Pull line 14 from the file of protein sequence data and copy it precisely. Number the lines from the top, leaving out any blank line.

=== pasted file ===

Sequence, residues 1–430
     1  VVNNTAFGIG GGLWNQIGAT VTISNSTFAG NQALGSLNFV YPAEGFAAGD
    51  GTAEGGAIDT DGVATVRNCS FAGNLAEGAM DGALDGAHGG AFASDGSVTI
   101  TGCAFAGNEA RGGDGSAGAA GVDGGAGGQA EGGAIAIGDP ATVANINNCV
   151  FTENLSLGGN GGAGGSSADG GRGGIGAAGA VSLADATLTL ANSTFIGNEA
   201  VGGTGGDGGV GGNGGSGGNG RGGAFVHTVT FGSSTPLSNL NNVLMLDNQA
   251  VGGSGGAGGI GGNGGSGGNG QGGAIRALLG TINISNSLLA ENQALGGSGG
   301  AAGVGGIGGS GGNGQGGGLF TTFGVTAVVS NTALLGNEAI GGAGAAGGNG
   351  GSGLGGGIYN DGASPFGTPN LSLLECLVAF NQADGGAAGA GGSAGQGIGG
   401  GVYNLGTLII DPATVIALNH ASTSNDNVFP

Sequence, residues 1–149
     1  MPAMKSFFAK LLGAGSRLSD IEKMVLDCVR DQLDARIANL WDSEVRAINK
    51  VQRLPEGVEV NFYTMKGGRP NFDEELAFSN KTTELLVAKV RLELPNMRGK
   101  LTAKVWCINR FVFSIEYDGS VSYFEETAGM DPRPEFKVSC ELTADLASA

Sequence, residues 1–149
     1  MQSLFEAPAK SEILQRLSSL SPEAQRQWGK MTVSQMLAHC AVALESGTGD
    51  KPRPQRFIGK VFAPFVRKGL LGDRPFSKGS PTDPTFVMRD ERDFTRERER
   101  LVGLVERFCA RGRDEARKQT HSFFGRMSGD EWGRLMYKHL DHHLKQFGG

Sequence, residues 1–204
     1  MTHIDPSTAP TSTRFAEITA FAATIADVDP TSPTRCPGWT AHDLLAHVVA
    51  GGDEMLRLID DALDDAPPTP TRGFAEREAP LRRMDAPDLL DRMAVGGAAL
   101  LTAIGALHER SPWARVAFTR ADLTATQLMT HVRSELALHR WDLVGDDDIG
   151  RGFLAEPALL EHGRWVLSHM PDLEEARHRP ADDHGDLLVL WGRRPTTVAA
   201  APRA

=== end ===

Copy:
   101  LTAKVWCINR FVFSIEYDGS VSYFEETAGM DPRPEFKVSC ELTADLASA